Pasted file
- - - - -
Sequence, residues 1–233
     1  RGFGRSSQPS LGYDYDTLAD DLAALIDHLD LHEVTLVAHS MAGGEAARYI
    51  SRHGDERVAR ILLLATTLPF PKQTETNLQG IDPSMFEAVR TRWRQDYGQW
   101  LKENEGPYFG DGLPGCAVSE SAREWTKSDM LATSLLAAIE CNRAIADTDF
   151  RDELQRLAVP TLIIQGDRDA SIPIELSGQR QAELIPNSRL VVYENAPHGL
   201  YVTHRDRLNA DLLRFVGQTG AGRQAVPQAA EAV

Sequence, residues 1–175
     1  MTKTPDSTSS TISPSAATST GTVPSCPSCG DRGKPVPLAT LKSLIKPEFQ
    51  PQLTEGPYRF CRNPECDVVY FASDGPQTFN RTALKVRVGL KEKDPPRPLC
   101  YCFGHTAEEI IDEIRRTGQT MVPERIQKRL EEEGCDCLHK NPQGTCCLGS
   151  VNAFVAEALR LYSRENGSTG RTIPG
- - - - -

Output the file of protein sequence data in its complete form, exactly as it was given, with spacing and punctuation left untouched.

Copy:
Sequence, residues 1–233
     1  RGFGRSSQPS LGYDYDTLAD DLAALIDHLD LHEVTLVAHS MAGGEAARYI
    51  SRHGDERVAR ILLLATTLPF PKQTETNLQG IDPSMFEAVR TRWRQDYGQW
   101  LKENEGPYFG DGLPGCAVSE SAREWTKSDM LATSLLAAIE CNRAIADTDF
   151  RDELQRLAVP TLIIQGDRDA SIPIELSGQR QAELIPNSRL VVYENAPHGL
   201  YVTHRDRLNA DLLRFVGQTG AGRQAVPQAA EAV

Sequence, residues 1–175
     1  MTKTPDSTSS TISPSAATST GTVPSCPSCG DRGKPVPLAT LKSLIKPEFQ
    51  PQLTEGPYRF CRNPECDVVY FASDGPQTFN RTALKVRVGL KEKDPPRPLC
   101  YCFGHTAEEI IDEIRRTGQT MVPERIQKRL EEEGCDCLHK NPQGTCCLGS
   151  VNAFVAEALR LYSRENGSTG RTIPG